|Jitter is a matter for the DAC (assuming it reclocks) correct? Since this stage involves analog signals, I was not refering to this stage, but rather just the transport. But if you're saying that all (higher end) transports read CDs/DVDs with near 100% accuracy, and is only the DAC that ultimately affects the sound, then I guess I am misinformed about the situation, and retract my statement.
Well, the master clock is set by the transport when it reads the data, and everything downstream is based on that clock. Good DACs will clean up the clock signal with advanced PLL's, and some people are developing DACs that completely recock the incomming data, but those are very rare. (i'm not even sure if there are any commercially available) For most DACs, jitter in the transport will make its way to the output.
This is the reason that people claim transports and even digital cables affect sound quality, though i agree that its much better to deal with it in the DAC design rather than spend $$$ to ensure everything before it is perfect.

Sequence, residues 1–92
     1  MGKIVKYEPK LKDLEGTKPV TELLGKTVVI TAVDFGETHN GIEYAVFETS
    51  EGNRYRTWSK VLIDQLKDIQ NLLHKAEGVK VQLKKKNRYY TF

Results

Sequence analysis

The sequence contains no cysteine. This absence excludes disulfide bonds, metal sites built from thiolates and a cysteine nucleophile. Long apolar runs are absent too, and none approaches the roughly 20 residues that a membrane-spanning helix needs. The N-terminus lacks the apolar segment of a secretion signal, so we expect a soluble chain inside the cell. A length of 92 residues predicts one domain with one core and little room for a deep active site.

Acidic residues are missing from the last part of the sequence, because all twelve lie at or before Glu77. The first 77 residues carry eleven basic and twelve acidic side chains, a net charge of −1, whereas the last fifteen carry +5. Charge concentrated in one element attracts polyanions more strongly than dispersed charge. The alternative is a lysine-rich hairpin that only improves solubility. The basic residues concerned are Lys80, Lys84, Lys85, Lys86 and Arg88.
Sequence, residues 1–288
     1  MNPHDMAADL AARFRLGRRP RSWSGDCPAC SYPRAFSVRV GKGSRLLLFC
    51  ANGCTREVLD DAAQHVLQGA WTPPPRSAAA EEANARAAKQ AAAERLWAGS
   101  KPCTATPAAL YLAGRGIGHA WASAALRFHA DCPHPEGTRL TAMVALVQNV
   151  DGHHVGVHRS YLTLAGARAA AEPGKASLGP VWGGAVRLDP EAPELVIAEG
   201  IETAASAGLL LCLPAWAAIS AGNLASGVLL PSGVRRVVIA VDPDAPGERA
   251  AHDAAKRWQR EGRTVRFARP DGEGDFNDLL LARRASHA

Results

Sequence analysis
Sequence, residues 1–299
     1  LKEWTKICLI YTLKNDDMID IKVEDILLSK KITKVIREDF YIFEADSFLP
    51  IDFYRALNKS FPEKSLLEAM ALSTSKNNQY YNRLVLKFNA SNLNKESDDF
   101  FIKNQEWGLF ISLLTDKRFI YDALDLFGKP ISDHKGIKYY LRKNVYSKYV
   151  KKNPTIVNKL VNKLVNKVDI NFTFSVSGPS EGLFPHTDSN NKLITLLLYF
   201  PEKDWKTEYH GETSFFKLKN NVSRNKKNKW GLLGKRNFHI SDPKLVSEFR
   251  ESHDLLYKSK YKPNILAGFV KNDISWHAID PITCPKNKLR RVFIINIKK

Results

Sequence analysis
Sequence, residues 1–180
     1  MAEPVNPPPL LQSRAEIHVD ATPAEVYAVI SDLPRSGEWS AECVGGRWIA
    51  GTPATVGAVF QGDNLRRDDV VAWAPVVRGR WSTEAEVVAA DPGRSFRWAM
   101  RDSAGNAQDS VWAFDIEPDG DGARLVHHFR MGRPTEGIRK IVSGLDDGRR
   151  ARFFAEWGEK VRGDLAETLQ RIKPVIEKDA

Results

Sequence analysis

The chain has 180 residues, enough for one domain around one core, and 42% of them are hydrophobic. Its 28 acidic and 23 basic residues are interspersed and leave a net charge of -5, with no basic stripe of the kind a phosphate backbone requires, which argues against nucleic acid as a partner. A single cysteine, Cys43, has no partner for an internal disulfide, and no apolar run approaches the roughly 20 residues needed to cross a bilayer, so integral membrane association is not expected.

|: Is that also for audio cds? I know computers use a sort of correction where it sees the data, and if its incomplete, tries to complete it.
All Cd's have the basic error correction; there is lots of redundant data written in that will correct a certain number of read errors. A mathematical formula uses this extra redundent information to fill in missing data, up to a certain point. I believe its somewhere around 140 errors per second, but its been a while since i've looked at this stuff. Anything below that will be corrected to 100% accuracy, once you go above that, different transports will do different things-i believe some will round it off, others will simply drop the sample.
Data CD's have additional layers of error correction. In fact, i think almost half of the capacity of a CD is used just for error correction with data. Again, they use complex mathematical algorithims and the extra redundant data to correct errors. Data CD's definately don't guess data (if it encounters too many errors, it'll give you an error message) , while audio likely will try and guess the damaged data...